It has been a while since our last post, Celebrating Black Herstory. March glazed on by, a month that is essentially heaven for a former varsity basketball player or fan that is enamored by high stakes, shocking performances put forth by underdogs. It is a month of athletes basking in the big moment. I love it.
As I sit here and write, I am reflecting on an incredible weekend of big moments. I have closely followed the Usport Final 8 Basketball Championships, the Canadian university national tournament, and March Madness, the NCAA basketball championships.
This weekend was the culmination of both competitions; games that had teams battling from behind, going into overtime, buzzer beaters all of which kept me on the edge of my seat as a fan.
I began to reminisce about my experience in the big moments; the hype, the importance of the mental game and the pressure put on student athletes to perform in their sport but also in the classroom.
There is a feeling you get when you are in a gym surrounded by thousands of screaming fans who are waving signs in the air, banging pots and pans, cheering and heckling. It is euphoric, your palms start to sweat and nerves bubble up in your tummy. You know, then and there, that you may never experience that rush of adrenaline quite the same ever again.
And with all of this hype athletes are expected to achieve peak performance. But how?
How can you quiet the noise? The voices in your head telling you to run faster, coaches yelling out plays, teammates cheering you on and fans screaming. How can you ignore all of these distractions? Or better, how can you use them to fuel your fire while you simultaneously remain calm enough to shoot, pass and execute plays? The simple answer is, not everyone can.
Paige Buekers, a Sophomore at UCONN and winner of the Wooden Award in the 2021 season along with many other accolades, is one of these rare phenoms. According to legend, Sue Bird, “she is clearly talented... She definitely has that clutch gene and the game is on the line”
Buekers’ UCONN Huskies would go on to lose in the National Championship game despite leading her team in scoring. As it stands, Buekers was not the only player in that game who displayed the “clutch gene” as Sue calls it.
"She was on fire… It was her day, her night. And she took every advantage of it."
This is Lisa Boyer, associate head coach of the South Carolina Gamecocks, sharing her praise for the now national champion Destanni Henderson.
Henderson is a senior guard for the Gamecocks. In the championship game, arguably the highest stakes setting she has and may ever compete in, Henderson put on an unforgettable performance. Her best ever.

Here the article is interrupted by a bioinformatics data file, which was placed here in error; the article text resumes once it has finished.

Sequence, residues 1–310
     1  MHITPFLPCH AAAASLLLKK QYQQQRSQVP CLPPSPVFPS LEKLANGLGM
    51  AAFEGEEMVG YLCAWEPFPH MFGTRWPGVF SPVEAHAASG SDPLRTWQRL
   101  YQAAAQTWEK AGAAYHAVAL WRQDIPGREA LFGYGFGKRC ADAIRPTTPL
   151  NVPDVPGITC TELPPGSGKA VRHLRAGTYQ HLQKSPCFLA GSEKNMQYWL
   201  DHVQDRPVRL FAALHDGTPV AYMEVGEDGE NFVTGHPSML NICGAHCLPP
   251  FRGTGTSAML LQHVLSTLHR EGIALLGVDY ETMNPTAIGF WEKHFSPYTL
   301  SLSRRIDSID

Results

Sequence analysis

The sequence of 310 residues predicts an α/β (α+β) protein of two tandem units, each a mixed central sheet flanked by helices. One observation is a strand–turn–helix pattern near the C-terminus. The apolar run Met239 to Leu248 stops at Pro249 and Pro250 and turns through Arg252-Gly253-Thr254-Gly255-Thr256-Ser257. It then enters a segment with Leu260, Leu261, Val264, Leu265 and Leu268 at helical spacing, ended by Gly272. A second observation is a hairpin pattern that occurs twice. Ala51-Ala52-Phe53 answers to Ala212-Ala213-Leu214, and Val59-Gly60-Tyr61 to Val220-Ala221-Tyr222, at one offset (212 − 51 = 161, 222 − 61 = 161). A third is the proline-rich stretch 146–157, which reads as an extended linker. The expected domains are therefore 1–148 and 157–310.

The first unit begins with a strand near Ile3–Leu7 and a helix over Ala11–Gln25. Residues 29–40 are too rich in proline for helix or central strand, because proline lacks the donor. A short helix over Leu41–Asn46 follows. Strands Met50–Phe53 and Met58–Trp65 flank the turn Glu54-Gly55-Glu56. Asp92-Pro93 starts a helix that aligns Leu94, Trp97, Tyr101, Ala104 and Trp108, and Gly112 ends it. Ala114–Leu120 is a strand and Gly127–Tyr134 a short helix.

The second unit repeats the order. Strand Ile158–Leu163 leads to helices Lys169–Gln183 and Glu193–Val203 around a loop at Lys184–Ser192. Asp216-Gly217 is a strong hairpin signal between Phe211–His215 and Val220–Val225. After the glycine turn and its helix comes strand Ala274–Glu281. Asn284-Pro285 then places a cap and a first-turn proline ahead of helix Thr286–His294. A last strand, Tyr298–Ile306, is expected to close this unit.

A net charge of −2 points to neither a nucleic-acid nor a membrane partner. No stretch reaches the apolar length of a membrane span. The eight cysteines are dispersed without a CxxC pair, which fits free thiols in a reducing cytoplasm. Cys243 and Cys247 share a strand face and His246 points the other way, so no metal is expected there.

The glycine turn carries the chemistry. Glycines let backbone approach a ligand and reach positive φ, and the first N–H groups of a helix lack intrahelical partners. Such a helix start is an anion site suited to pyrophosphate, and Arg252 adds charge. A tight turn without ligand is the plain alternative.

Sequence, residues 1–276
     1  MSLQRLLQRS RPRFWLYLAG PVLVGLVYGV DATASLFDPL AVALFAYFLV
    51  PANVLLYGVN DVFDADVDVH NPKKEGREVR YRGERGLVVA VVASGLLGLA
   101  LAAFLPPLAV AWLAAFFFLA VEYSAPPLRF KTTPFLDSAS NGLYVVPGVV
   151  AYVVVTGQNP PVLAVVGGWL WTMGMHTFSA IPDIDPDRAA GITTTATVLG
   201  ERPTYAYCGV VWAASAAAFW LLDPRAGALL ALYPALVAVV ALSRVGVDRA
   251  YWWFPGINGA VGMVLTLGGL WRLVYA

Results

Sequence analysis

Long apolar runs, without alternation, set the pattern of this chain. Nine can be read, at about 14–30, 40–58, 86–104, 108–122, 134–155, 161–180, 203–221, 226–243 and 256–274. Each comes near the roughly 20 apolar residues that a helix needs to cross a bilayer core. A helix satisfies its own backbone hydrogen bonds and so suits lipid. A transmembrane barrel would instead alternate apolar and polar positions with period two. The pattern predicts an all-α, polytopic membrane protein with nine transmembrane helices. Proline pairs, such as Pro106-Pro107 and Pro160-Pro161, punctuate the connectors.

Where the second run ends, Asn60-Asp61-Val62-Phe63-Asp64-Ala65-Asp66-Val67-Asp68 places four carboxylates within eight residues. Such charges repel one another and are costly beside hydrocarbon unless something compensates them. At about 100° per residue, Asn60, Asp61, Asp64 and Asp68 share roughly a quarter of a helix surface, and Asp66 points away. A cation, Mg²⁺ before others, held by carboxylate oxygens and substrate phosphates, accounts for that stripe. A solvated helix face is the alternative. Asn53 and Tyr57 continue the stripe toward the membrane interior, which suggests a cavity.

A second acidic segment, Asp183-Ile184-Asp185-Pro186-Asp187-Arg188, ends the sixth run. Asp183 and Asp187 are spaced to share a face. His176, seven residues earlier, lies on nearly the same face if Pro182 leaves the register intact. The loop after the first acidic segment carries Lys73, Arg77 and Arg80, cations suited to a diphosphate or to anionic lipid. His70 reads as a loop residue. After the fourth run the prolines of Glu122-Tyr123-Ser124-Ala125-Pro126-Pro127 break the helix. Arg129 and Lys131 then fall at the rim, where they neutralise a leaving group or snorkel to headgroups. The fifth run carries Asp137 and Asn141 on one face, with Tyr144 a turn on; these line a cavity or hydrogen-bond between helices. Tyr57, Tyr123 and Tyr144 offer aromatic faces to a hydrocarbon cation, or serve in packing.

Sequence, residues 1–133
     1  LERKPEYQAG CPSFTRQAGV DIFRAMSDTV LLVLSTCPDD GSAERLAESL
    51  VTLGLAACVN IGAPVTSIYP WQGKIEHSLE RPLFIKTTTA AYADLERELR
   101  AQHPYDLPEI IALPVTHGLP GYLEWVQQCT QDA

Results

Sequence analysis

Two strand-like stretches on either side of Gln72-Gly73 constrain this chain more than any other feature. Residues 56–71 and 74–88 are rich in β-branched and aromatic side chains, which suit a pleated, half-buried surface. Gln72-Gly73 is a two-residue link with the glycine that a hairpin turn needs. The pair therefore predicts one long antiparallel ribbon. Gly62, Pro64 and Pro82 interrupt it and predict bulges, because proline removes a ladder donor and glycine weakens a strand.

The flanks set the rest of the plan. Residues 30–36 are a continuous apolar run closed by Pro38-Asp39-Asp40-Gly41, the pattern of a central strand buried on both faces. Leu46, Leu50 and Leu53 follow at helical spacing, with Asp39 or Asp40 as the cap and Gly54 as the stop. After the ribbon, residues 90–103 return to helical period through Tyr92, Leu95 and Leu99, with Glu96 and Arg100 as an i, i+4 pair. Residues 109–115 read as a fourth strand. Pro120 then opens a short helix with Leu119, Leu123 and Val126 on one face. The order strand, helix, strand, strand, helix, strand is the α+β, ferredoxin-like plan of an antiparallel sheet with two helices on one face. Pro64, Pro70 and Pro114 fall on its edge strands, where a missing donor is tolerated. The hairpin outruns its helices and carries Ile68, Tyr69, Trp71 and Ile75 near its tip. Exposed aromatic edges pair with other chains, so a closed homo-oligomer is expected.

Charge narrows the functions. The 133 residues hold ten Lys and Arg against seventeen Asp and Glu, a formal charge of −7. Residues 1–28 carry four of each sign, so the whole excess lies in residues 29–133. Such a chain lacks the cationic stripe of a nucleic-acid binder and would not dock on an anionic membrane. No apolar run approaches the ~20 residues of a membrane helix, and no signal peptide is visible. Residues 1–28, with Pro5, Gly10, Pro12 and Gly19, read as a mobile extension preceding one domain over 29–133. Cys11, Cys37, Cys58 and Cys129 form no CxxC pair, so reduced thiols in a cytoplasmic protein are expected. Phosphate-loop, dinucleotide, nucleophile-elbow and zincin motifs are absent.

"I really didn't even know that I had a career high," Henderson said.
Henderson ended the game with a career-high 26 points, four assists and three steals. She was in what I like to call the zone, when you don’t even realize what is going on around you. Every possession happens in slow motion and things come so easy. The zone is relaxed, an out of body experience but ironically allows you to be so intune with your body you don’t need to think.
I remember one game I played, WAY back in grade 10, where I was in the zone. What I would give to be back there, in the shoes of Destanni Henderson.
Not only is Henderson a player who has the ability to perform on the biggest stage at her best both physically and mentally, but she is also an honor roll student.
Sometimes we forget the “student” in “student-athlete”. Especially in the NCAA, athletics are a business. The pressure on students to excel academically is expected but not always prioritized or supported.
In 2019 the NCAA men’s March Madness tournament had a net income of 865 million dollars. Much more than the women’s March Madness tournament which you can read more about here.
Point is, these competitions are revenue generators. But schools like UCONN and The University of South Carolina are supposed to be graduate generators. So what does that balance look like?
Student athletes are on the road doing homework on the bus, supervised tests, coordinating group projects from afar, all well trying to prepare for a big game and studying their playbook. Missing classes, midterms and fighting to perform academically and athletically.
It is most certainly no walk in the park. But is it worth it? The countless hours of lost sleep, missed parties, working late on assignments, maintaining a disciplined training routine and nutrition plan all to potentially lose in the big championship game?
I can tell you without even thinking, yes.
Cherish the moment. As Destinni alluded to on Sunday, "It's just even more of a blessing, and just an honor to do it in this moment, a special moment, that all of us are going to remember forever."
The euphoria. Adrenaline. The hype. The big moment.
Cherish them, they don’t come around everyday but will most certainly never leave you.
Written by: Sarah Saftich
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